James Morwood (1943-2017)

It is with very great sadness that I write to say that James, the editor of CfA’s website ad familiares who will be known to many of you, died on holiday in northern Greece on September 10th.

James read Classics and English at Peterhouse, Cambridge, and for thirty years taught both subjects in Harrow as an assistant master and then head of classics, until 1996. During that time he wrote a book about Sheridan as well as a school Latin reader (with Maurice Balme), The Oxford Latin Course (with Balme, now in its second edition and with an American version adapted for the undergraduate market), a book about the roots of Latin and Greek in English (with Mark Warman) and the Oxford Pocket Latin Dictionary (revised 2005).

In 1996 James had built up a distinguished record as a teacher and scholar, and as a tireless worker for the Joint Association of Classical Teachers, both advocating classics and developing the JACT annual Greek summer school, where he taught since 1970 and which he often directed. As a result he was appointed Grocyn lecturer and fellow of Wadham College, Oxford, to run beginners’ language teaching across the university. He retired from that position in 2003, and became an emeritus fellow of Wadham in 2006 after serving in a variety of college roles as well as teaching undergraduates, a work he loved, which did not stop in ‘retirement’.

During this period he continued to publish widely across the classical field: translations of Euripides for Oxford World’s Classics, a Dictionary of Latin Words and Phrases, a grammar and pocket dictionary of classical Greek (with John Taylor), a revision of the Balme-Lawall beginners’ Greek course Athenaze, and commentaries on Propertius Book 3 and Virgil’s Aeneid Book 3 (both with Stephen Heyworth) (all Oxford), as well as a commentary on Iphigenia in Aulis (with Chris Collard), books on the Teaching of Classics and (with Carol Handley and John Taylor) A Greek Anthology, Virgil, Writing Latin, Sophocles, and Hadrian. These illustrate clearly the breadth and depth of James’ scholarship and his eagerness to co-operate with others on joint endeavours, each bringing their different skills and insights into the job.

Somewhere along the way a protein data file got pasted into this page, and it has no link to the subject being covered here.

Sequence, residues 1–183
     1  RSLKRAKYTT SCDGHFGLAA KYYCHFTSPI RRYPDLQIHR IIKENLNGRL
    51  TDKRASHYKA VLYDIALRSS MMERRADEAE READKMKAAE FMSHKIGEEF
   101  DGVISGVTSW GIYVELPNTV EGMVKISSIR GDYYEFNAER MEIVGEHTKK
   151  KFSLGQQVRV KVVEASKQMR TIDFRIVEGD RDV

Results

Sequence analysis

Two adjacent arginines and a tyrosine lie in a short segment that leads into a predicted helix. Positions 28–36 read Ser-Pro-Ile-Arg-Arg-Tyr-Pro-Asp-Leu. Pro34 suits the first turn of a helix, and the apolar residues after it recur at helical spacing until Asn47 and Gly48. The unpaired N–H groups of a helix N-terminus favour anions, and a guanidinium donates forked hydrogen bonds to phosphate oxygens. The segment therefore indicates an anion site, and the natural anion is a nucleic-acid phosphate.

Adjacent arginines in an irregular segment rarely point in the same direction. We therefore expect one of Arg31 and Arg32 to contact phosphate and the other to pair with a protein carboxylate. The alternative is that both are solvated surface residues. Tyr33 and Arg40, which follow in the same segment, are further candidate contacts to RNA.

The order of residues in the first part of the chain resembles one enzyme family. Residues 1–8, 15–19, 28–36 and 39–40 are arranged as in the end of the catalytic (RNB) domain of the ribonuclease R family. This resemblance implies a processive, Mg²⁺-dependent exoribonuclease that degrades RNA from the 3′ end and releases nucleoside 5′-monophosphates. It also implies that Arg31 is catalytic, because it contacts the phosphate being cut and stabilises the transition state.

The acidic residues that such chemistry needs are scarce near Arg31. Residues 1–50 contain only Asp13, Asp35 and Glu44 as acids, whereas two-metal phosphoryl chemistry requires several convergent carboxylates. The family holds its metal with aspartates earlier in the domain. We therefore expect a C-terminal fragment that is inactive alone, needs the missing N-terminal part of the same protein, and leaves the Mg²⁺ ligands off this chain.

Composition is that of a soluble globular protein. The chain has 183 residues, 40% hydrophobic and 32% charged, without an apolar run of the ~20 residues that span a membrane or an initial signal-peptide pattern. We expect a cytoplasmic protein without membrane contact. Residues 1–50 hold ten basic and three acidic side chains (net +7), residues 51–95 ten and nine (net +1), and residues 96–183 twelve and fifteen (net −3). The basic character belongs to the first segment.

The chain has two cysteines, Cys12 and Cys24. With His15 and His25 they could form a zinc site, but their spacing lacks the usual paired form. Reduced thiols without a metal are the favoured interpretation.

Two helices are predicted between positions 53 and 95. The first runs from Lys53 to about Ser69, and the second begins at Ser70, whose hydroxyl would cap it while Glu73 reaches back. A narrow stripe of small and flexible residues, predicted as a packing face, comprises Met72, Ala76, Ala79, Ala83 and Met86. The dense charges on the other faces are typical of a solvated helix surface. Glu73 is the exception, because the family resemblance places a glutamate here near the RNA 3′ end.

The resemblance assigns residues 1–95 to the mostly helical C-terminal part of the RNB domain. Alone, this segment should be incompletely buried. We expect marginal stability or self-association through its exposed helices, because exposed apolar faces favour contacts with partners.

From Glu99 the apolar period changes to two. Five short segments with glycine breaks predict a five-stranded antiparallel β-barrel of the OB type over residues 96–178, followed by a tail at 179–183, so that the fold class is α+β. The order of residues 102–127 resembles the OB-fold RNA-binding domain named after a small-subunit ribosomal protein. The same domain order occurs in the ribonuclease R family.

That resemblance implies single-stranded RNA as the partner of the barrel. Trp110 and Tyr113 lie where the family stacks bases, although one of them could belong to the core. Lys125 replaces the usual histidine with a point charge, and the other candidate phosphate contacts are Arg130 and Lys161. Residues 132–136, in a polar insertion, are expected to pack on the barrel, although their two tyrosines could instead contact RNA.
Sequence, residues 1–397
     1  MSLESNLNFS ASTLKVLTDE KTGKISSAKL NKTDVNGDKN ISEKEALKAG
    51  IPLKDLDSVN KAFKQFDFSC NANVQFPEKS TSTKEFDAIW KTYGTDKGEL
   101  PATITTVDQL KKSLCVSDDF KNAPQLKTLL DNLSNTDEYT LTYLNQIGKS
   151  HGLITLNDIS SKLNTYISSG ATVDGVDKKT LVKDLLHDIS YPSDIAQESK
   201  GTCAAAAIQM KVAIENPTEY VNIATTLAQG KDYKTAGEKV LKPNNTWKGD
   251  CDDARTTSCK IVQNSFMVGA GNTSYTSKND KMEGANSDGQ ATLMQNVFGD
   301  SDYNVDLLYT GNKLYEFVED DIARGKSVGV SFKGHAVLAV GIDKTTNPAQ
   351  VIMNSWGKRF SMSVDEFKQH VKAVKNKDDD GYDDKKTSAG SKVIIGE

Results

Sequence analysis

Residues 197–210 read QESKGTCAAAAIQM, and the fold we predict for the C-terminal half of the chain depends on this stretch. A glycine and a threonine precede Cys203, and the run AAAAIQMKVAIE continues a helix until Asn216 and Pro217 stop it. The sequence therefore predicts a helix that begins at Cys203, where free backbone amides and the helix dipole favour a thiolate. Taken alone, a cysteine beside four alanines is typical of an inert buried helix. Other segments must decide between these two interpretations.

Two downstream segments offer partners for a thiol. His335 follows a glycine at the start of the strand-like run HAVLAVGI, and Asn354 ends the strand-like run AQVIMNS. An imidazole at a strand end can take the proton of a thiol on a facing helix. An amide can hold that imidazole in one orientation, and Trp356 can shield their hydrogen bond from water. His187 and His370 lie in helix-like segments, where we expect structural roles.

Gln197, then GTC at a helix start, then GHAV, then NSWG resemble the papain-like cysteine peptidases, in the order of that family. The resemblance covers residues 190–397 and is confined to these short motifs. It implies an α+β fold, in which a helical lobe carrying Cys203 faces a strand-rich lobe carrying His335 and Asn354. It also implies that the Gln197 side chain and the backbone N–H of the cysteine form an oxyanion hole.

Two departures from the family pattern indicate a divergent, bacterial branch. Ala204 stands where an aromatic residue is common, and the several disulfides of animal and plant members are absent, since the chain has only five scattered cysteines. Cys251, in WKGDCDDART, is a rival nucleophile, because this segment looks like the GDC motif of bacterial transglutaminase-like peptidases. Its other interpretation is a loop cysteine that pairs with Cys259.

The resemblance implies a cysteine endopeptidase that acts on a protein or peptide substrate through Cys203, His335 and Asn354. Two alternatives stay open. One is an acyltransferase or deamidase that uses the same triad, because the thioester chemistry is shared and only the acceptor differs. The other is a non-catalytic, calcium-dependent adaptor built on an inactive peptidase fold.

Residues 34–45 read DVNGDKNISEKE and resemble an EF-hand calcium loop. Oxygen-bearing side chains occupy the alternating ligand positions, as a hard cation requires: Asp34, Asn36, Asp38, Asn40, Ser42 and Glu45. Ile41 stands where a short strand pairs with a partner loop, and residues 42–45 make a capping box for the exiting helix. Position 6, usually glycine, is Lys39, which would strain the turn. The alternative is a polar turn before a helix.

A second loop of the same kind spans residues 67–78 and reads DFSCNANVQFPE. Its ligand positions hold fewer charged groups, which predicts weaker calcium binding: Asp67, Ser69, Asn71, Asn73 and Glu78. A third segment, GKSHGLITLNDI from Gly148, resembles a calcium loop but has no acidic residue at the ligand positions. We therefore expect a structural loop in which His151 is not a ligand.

On top of all this, he became deeply involved in teaching classics and English literature at Madingley Hall, the home of the Cambridge University Institute of Continuing Education.

First impressions count, and what struck one about James was his warmth, kindness and generosity. He was terrific company, with a wide range of friends, always ready to go out of his way to ensure everyone felt at home. While he enjoyed a good gossip, he never said an unkind word about anyone, and was selfless in putting himself forward when a job needed doing or someone needed help. His death brought an outpouring of affection from all who knew him. He was also a highly cultured man, with a particular passion for opera and the theatre, which he visited with friends all over Europe and the USA.

James died at the peak of his abilities, a man truly ποθεινὸς τοῖς φίλοις.

Peter Jones

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